Posts tagged common lisp

Common Lisp: CCL on a raspberry pi

posted on 2015-04-28 00:12:21

A raspberry is n ARM-architecture based processor. Usually my common lisp implementation of choice is SBCL / Steel Bank Common Lips, but for ARM CCL / Clozure Common Lisp might be a better fit.

According to some sources on the internet, this is due to CCL's native threadingsupport.

download & compile & install

Head over to and copy the download link.

wget <download-link>
tar xzvf ccl-<...>.tar.gz
mv ccl-<...> /usr/local/src
cd /usr/local/src/ccl/lisp-kernel/linuxarm
# uncomment FLOAT_ABI_OPTION = -mfloat-abi=hard and save, quit
make clean && make
ls -s /usr/local/src/ccl/armcl /usr/local/bin/armcl

Now you should have running armcl binary, which is at the right position according to the FHS (Filesystem Hierarchy Standard) and can be run from anywhere of your shell.

install quicklisp

cd /usr/local/src
curl > quicklisp.lisp
(load "quicklisp.lisp")

Then vi ~/.ccl-init.lisp and wrap the generated code within (defun load quicklisp () ... ). That way you have an easy to call function if you really need ql loaded ((load-quicklisp) will do in the interpreter.), but initial startup is faster. This and the float config trick is something I found at, thanks to Rainer Joswig.

quicklisp help

These might be helpful:

(ql:system-apropos '<string>)
(ql:who-depends-on '<string>)

common lisp's 'format'

posted on 2014-09-08 21:50:28

Common Lisp swiss army knife of printing, format, shall be looked at in depth here.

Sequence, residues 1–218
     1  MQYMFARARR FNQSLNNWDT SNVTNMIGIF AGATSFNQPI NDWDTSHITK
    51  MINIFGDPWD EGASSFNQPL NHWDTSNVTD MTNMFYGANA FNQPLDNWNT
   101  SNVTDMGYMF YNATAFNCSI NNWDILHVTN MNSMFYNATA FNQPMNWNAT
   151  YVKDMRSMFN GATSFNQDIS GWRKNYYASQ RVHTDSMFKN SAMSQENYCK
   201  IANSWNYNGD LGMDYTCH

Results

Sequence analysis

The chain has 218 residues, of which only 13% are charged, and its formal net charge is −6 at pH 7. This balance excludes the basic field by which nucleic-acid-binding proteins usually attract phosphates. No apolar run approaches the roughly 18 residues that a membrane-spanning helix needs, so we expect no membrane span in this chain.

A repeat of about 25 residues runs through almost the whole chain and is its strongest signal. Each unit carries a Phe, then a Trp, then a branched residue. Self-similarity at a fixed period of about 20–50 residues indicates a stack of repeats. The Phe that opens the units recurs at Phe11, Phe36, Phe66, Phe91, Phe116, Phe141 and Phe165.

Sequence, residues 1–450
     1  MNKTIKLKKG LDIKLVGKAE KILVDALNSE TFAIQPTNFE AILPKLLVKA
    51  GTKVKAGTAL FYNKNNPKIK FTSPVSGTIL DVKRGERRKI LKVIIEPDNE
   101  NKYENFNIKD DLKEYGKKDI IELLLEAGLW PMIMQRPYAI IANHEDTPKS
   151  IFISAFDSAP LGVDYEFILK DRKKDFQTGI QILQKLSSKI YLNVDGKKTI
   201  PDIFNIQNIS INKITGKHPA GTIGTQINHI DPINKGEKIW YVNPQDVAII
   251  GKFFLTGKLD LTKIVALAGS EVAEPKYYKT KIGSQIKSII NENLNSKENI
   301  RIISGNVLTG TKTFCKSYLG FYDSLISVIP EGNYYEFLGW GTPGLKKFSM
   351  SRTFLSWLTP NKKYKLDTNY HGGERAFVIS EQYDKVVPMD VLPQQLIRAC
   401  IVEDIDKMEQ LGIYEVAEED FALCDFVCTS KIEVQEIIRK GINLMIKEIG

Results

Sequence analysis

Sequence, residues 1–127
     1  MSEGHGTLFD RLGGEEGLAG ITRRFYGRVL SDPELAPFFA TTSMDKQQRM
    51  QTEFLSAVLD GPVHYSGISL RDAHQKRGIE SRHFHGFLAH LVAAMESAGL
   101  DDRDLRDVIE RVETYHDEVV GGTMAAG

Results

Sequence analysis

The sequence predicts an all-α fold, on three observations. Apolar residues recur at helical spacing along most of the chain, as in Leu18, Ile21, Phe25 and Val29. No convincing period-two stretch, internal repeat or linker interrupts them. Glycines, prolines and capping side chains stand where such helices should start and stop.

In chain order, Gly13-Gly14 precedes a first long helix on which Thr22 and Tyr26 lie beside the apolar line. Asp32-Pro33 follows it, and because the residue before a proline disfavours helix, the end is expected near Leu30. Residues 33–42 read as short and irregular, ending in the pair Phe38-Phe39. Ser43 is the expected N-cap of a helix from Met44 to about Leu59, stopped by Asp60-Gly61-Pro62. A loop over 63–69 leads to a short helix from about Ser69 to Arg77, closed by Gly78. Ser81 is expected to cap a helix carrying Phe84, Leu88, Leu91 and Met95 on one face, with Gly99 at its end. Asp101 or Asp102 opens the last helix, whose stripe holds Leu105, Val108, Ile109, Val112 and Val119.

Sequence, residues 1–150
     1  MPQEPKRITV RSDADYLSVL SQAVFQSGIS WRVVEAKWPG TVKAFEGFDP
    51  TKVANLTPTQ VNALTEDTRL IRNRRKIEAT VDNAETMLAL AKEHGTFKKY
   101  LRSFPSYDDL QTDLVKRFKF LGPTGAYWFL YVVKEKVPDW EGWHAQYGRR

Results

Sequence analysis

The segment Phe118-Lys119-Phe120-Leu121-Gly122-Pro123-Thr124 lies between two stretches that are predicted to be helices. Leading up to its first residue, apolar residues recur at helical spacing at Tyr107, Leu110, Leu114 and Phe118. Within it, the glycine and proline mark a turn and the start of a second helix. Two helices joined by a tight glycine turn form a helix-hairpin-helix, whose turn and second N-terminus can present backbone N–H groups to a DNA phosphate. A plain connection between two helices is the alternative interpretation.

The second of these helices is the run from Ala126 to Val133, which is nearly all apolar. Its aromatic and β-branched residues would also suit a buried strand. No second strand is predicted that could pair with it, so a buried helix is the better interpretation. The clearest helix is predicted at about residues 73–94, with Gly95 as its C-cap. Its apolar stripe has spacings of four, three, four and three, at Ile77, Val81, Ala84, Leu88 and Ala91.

usual layout

(format <destination_parameter> "<control_string>" <value_parameter>)

The format keyword starts the formatted string.

"control_string" is just a regular string in between double quotes, usually containing some control sequences.

Value parameters are the parts substituting the control sequences within the control string.

the destination parameter

Three possible values:

  • nil = just create a string, return the string as value, print nothing
  • t = print to console, function returns nil as value
  • stream = output to a stream

standard control sequences layouts

general layout:


where x, y, z are number-counts, 'p is a character, @ is optional, a could as well be an s or any other control sequence type.

x   : base count of characters
y   : if given, and base size is too small, increase in steps of y
z   : exact number of spaces added to string
'p  : padding character
@   : make the introduced value appear AFTER the padding

~a    absolute value, no delimiters
~s    string value, including delimiters
~5a   absolute value, size of 5, real string is leftbound
~5@a  absolute value, size of 5, real string is rightbound
~5,2a absolute value, size of 5, if value parameter is larger
      increase result in steps of 2 characters

float layout:


where a is the sum of integers, the comma and the amount of decimals possible. b is just the count of decimals to be shown. c scale number in factors of 10.

available number control sequences

~b  binary
~x  hexadecimal
~d  decimal
~:d decimal with 1000er dots in between
~f  floats
~$  currency control sequence


~%  terpri = hard newline, if number is given in front of it, it's the count of newlines
~&  fresh-line = soft newline, only newline if none has been inserted just before yet.

tables and justified output

The following part is not really easy at first, but this vanishes as soon as you grok the system. Have fun learning these...


where x is an integer, at which position the current table column should start.

~< ... ~>

In between these the amount of spaces gets adjusted to be evenly distributed.


Make the columns being adjusted right.